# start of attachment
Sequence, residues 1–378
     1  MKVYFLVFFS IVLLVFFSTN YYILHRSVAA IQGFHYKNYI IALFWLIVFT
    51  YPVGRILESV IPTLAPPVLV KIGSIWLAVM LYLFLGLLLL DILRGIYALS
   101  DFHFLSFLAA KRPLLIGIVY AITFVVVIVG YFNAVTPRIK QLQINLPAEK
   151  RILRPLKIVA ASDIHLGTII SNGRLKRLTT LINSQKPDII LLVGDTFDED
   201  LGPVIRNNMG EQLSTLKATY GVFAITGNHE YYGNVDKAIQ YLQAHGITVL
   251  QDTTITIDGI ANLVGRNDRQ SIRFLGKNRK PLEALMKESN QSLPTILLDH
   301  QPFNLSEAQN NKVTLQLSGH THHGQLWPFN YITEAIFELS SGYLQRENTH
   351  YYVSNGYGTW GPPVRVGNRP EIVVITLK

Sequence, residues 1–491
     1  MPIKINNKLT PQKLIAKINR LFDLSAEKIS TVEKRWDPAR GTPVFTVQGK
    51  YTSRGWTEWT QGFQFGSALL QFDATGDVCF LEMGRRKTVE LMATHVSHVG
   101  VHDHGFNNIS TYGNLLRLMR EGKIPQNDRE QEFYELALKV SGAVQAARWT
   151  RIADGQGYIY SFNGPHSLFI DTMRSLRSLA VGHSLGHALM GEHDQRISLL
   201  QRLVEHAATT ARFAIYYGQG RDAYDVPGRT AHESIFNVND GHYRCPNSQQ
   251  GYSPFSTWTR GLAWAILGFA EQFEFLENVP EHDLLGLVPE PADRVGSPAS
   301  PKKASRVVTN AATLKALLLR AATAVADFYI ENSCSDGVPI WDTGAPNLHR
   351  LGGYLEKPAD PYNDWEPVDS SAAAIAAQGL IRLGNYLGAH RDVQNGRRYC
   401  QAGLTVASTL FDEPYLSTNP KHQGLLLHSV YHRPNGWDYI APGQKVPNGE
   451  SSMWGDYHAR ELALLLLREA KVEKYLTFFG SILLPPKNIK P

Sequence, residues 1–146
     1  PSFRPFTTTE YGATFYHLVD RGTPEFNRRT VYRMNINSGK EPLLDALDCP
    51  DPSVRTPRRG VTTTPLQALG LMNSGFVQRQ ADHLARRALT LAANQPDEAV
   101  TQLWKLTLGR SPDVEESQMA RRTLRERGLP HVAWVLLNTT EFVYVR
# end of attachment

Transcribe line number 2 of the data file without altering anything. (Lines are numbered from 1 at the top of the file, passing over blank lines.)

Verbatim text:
     1  MKVYFLVFFS IVLLVFFSTN YYILHRSVAA IQGFHYKNYI IALFWLIVFT